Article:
Battle of Adrianople (1205 AD)

The Battle of Adrianople (in 1205) took place on April 13 and April 14, 1205 AD. In it the forces of the Second Bulgarian Empire (1185-1396 AD) under Tsar Kaloyan (r. 1197-1207) routed the knights of the Fourth Crusade from the Latin Empire (1204-1261 AD) under Emperor Baldwin I on Constantinople, also known as Baldwin of Flanders.

The Battle of Adrianople in 1205 resulted from the growing enmity between the Western European knights from the Fourth Crusade and the Bulgarian Empire, after in 1204 the Crusaders deviated from their goal of taking Jerusalem, and instead ransacked Constantinople, the capital of the Byzantine Empire, founding their Latin Empire. Even though by that time the Bulgarian Tsar Kaloyan had established good relations with Pope Innocent III in Rome who organized the Fourth Crusade, the Western European (mostly French) knights demanded the obedience of the Bulgarian Tsar arguing that since they had taken Constantinople, they had a right to the entire supposedly Byzantine domain, including all of Bulgaria, which had liberated itself from Byzantium 20 years earlier.

The conquest of Constantinople itself occurred after in January 1203, en route to Jerusalem, the Crusaders made an agreement with Byzantine prince Alexios Angelos to restore his deposed father as emperor. In August 1203, after clashes outside Constantinople, Alexios Angelos was crowned as co-Emperor with Crusader support as Alexios IV alongside his blinded father, Isaac II Angelos (r. 1185-1195, 1203-1204 AD). However in January 1204, Alexios IV was deposed by a popular uprising in Constantinople, and was murdered on 8 February 1204. In April 1204, the discontent Crusaders captured and brutally ransacked the city setting up the Latin Empire, and partitioning the conquered Byzantine territories among themselves as feuds.

The 1205 Battle of Adrianople was won by the Bulgarians and their Cuman allies, after an ambush. The Bulgarian forces are estimated to have been around 40,000 troops, including 14,000 lightly armed Cuman cavalry. The Crusaders’ forces are also estimated at tens of thousands, including 300 West European heavy mounted knights. Most of the 300 Western European knights were killed in the Battle of Adrianople, making it one of the greatest defeats ever suffered by Crusaders.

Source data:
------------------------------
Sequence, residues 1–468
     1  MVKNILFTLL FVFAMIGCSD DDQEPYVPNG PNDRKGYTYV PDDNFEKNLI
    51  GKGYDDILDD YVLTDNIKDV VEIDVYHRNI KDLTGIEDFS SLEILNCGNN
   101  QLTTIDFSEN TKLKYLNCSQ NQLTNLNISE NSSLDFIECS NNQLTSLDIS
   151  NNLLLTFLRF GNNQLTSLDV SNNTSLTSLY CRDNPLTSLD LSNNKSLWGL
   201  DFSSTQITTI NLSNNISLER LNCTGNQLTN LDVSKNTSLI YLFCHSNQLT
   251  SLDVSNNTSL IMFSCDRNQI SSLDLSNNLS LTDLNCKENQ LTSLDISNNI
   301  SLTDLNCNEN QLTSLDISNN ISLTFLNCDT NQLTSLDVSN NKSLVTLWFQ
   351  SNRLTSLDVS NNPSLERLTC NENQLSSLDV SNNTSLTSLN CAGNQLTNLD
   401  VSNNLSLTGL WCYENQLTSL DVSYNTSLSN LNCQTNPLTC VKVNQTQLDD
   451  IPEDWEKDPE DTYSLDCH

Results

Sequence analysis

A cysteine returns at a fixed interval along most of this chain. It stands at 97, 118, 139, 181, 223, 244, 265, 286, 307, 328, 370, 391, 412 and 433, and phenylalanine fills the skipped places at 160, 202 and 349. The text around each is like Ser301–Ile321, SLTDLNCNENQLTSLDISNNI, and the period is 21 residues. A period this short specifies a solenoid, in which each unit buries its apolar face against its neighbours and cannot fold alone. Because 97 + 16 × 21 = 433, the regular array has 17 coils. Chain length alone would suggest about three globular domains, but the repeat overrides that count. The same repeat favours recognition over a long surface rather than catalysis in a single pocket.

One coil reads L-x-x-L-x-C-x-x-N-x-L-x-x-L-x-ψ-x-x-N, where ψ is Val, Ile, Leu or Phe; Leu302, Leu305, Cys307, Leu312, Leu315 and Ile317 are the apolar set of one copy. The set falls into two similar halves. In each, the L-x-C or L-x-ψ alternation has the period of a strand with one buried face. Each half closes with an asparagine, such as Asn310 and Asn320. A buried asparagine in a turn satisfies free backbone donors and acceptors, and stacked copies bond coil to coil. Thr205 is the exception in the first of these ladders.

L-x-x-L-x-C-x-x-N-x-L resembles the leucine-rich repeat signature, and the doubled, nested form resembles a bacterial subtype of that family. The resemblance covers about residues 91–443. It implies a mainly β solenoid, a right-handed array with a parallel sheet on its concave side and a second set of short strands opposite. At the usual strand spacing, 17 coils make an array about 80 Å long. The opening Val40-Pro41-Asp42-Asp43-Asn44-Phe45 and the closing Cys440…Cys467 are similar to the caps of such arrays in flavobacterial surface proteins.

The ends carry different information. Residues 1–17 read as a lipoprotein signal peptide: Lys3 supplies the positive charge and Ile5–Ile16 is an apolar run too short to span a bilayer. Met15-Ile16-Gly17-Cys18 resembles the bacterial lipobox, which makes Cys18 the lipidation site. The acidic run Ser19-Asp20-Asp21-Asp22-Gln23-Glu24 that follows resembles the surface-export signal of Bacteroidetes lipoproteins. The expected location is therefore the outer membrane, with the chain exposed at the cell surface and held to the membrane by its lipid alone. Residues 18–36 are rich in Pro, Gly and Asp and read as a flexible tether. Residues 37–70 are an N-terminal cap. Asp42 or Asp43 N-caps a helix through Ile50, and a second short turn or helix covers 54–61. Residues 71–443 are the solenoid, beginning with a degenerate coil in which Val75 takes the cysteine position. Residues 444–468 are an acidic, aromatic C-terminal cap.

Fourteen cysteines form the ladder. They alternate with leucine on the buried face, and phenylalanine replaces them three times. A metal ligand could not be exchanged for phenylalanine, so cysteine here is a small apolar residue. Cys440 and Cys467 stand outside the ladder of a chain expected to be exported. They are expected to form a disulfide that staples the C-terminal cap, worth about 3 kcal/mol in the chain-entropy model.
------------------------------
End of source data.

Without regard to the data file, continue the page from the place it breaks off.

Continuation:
Latin Emperor Baldwin I of Constantinople (Baldwin of Flanders) was taken prisoner and died in captivity after a year later. He was kept in a fortress tower in the then Bulgarian capital Tarnovgrad (today’s Veliko Tarnovo) which is known to this day as Baldwin’s Tower. It is unknown how exactly he died, especially since it is believed that he was treated well at first. There are stipulations that he was killed by the Bulgarian Tsar Kaloyan in a fit of rage, possibly over a revolt in Philipopolis (today’s Plovdiv) which led the city to be surrendered to the Latin Empire. A Bulgarian legend has it that Baldwin found his death after trying to seduce the Bulgarian Tsaritsa (i.e. empress).

After the Battle of Adrianople, the Second Bulgarian Empire overran most of the geographic regions of Thrace and Macedonia. The first Latin Emperor Baldwin was succeeded by his younger brother, Henry of Flanders, who took the throne on August 20, 1206. Bulgaria and the Nicean Empire (one of the three successor states of Byzantium, which ultimately restored it in 1261 AD) made an alliance against the Latin Empire. In 1207, the Bulgarians attacked and killed Marquess Boniface of Montferrat, a feudal lord with French and Italian estates who in 1202 AD became the leader of the Fourth Crusade and King of Thessaloniki (r. 1205-1207). He was beheaded at Messinopolis, and his head was sent to Tsar Kaloyan. One of the major written sources for the Battle of Adrianople is the Chronicles of Geoffrey de Villehardouin, a French knight and historian who chronicled the Fourth Crusade.

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